The new refrigerants are an Arkema blend R459A and three Mexichem blends R459B, R460A and R460B.
Standard 34-2013, Designation and Safety Classification of Refrigerants, describes a shorthand way of naming refrigerants and assigns safety classifications based on toxicity and flammability data.
Both Arkema’s R459A and Mexichem’s R459B blends comprise differing amounts of R32, and the HFOs R1234yf and R1234ze(E). Their potential application is not revealed but similar blends have been developed as replacements for R410A. Both of the new blends are A2L “mildly flammables”.
Arkema’s R459A mixes R32, 1234yf and 1234ze(E) in proportions of 68%/ 26%/6%.
The Mexichem refrigerant R459B is a blend of the same refrigerants but in very different proportions: 21% R32, 69% R1234yf and 10% R1234ze.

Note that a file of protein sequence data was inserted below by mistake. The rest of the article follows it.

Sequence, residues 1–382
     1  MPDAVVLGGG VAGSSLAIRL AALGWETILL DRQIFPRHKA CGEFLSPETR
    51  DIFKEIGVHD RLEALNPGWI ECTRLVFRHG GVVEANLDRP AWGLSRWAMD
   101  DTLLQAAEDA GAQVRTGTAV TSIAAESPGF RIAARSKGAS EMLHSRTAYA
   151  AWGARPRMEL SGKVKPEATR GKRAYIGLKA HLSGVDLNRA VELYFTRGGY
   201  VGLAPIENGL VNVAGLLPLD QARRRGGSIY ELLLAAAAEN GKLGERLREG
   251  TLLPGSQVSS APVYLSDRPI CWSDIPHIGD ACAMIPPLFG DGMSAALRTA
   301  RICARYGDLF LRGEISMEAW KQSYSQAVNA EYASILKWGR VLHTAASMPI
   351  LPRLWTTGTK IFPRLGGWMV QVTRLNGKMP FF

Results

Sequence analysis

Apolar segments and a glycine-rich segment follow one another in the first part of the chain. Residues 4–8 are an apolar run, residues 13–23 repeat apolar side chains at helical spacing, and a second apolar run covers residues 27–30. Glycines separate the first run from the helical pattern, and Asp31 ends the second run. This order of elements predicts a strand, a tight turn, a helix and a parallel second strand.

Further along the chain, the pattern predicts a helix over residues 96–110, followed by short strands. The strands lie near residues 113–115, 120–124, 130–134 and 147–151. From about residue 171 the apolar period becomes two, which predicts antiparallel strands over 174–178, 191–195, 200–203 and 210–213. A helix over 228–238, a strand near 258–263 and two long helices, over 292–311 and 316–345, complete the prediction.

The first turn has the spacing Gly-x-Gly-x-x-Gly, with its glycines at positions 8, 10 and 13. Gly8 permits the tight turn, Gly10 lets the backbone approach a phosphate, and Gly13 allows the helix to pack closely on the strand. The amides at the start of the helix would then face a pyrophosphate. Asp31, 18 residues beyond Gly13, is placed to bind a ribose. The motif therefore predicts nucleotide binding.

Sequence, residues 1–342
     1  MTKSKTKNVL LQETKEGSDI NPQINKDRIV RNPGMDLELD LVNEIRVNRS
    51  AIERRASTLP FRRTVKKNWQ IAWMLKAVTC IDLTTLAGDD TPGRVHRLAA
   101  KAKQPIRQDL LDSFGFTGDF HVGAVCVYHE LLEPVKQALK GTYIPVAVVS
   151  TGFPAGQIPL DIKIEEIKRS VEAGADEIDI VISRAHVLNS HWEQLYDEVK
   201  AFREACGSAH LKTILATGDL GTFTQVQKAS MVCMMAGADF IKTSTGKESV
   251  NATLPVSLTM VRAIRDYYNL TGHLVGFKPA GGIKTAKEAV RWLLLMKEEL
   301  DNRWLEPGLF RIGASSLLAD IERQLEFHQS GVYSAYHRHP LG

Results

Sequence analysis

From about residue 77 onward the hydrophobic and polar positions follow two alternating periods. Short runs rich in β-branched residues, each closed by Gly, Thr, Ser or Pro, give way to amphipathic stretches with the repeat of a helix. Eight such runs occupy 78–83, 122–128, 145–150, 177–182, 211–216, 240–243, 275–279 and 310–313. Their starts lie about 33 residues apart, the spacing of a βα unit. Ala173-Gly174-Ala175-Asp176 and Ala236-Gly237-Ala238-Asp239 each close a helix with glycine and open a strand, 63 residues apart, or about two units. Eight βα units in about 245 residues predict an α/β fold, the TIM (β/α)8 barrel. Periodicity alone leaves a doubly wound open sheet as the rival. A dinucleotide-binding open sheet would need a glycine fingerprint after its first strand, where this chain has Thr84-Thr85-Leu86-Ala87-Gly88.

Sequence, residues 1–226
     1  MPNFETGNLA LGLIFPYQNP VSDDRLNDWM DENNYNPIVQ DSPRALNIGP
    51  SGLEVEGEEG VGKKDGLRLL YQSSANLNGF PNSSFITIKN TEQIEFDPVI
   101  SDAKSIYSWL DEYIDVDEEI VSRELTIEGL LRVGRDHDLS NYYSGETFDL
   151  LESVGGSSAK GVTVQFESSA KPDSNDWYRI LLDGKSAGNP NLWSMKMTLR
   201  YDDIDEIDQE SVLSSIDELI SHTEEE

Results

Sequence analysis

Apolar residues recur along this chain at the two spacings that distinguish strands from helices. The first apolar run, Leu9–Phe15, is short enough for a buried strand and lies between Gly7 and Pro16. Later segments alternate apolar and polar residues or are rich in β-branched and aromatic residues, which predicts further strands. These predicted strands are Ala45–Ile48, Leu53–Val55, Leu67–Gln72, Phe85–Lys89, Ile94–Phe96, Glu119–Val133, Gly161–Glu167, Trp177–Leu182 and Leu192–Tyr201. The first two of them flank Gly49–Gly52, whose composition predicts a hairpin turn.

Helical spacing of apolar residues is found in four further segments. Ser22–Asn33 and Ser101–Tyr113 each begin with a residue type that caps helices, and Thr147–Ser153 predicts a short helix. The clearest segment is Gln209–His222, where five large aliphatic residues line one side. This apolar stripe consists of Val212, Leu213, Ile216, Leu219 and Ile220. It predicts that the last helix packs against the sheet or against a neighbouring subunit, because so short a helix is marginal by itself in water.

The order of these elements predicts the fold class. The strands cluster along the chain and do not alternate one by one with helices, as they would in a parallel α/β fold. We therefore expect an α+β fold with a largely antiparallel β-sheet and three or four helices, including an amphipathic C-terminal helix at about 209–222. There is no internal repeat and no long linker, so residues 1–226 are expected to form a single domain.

The other two refrigerants, R460A and R460B, are both proposed by Mexichem and claim the A1, non-toxic, non flammable classification. Both comprise differing blends of R32, R125, R134a and 1234ze(E).
The R460B blend appears to be a very close match to the development refrigerant LTR4X which Mexichem has been promoting as a possible replacement for R404A and R22. Its blend of 28% R32, 25% 125, 20% 134a and 27% R1234ze(E) only differs from LTR4X by an extra 4% 134a at the expense of 1234ze.
The proportions of R460A are very different: 12% R-32, 52% R125, 14% R134a and 22% R1234ze(E).
More to come
Faced with a global phase-down of higher GWP HFCs, it has become a high stakes game to find safe alternatives. Earlier this year the Cooling Post revealed that at least 80 refrigerants were currently in use or under consideration to replace existing high GWP refrigerants, and there are more in the pipeline. Amazingly, ASHRAE records show that well over 200 applications for refrigerant classifications have been received since 1993. Not all have been successful or the application completed, and some have fallen into disuse, but the number still looks set to rise.